||This article needs attention from an expert in Chemistry. The specific problem is: An editor has questioned the accuracy of the transformation matrix shown in the "Conversion to cartesian coordinates" section (see article talk page). (June 2012)|
In crystallography, a fractional coordinate system is a coordinate system in which the edges of the unit cell are used as the basic vectors to describe the positions of atomic nuclei. The unit cell is a parallelepiped defined by the lengths of its edges a, b, c and angles between them α, β, γ as shown in the figure below.
Conversion to cartesian coordinates
where a, b, c, α, β, and γ are the unit-cell parameters, and ω is given by:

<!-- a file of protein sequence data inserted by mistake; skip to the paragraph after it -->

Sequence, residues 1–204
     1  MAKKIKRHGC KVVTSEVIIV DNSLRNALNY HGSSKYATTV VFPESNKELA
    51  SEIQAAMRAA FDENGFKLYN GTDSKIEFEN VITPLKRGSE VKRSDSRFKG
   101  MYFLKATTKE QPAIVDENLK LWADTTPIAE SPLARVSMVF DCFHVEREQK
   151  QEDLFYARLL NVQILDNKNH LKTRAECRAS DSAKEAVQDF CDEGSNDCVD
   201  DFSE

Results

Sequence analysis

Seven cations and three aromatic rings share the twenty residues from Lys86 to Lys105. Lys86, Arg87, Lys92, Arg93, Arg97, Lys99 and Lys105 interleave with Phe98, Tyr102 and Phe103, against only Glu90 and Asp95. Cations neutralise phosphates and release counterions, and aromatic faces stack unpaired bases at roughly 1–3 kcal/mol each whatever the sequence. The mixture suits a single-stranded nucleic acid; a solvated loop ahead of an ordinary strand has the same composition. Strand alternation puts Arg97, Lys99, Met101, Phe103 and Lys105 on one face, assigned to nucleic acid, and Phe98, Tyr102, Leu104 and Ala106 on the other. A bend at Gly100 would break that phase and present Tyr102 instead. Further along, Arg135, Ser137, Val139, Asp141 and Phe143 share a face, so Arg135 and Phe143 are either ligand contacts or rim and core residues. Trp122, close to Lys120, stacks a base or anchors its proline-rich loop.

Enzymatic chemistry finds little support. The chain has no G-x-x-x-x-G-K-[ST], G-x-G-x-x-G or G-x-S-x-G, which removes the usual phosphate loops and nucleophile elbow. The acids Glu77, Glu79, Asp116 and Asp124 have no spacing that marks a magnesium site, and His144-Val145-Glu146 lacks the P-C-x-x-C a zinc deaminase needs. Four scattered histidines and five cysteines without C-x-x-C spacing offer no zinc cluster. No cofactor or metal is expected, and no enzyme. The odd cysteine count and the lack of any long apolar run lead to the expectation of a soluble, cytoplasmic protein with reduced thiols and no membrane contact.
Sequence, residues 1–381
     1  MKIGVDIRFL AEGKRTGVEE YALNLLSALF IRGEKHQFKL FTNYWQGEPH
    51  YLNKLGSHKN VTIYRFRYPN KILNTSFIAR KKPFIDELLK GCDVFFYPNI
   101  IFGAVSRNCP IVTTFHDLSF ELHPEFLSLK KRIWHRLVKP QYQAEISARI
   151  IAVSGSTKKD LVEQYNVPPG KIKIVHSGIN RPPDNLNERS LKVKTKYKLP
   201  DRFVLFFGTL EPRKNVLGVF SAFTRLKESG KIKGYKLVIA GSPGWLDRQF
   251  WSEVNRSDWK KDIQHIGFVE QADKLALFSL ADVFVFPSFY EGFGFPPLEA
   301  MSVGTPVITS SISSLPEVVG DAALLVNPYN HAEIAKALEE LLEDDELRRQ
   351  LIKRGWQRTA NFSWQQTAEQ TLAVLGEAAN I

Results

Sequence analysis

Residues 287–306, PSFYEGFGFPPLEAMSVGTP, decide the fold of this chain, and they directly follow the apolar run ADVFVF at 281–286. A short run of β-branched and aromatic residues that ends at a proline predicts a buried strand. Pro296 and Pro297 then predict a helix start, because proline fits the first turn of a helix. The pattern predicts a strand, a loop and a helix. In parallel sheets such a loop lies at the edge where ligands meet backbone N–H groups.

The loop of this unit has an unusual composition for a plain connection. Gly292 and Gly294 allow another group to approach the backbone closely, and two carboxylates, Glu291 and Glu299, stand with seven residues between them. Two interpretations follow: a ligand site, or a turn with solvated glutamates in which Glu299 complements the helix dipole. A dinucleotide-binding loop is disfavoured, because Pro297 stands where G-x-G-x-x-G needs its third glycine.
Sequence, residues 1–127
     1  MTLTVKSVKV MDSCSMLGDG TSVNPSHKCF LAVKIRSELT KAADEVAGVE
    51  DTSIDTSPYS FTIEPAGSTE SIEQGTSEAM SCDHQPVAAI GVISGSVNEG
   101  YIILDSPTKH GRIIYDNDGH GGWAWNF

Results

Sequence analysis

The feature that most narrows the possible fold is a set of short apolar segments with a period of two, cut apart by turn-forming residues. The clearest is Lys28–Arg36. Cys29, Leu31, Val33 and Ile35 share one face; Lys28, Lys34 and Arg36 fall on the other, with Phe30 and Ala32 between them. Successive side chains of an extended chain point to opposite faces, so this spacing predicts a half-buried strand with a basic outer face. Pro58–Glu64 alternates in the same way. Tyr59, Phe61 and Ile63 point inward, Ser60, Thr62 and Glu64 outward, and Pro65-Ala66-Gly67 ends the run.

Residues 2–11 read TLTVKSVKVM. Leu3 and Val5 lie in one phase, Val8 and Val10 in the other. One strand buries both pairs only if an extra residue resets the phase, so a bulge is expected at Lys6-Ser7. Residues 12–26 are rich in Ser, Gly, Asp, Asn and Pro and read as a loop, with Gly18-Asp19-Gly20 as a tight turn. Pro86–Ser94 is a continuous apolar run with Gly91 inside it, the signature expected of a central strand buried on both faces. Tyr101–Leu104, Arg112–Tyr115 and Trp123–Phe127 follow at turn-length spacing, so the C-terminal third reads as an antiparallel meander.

Also, v is the volume of a unit parallelepiped defined as:
For the special case of a monoclinic cell (a common case) where α=γ=90° and β>90°, this gives:
Conversion from cartesian coordinates
The above fractional-to-cartesian transformation can be inverted as follows
Supporting file formats
- Unit cell definition using parallelepiped with lengths a, b, c and angles between the edges given by α,β,γ
-  Sussman, J.; Holbrook, S.; Church, G.; Kim, S. A Structure-Factor Least-Squares Refinement Procedure For Macromolecular Structures Using Constrained And Restrained Parameters. Acta Cryst Sect A 1977, 33, 800-804. 10.1107/s0567739477001958
-  Rossmann, M.; Blow, D. The Detection Of Sub-Units Within The Crystallographic Asymmetric Unit. Acta Cryst 1962, 15, 24-31.
- http://www.ruppweb.org/Xray/tutorial/Coordinate%20system%20transformation.htm (note that the V defined there differs from the v used here by a factor abc)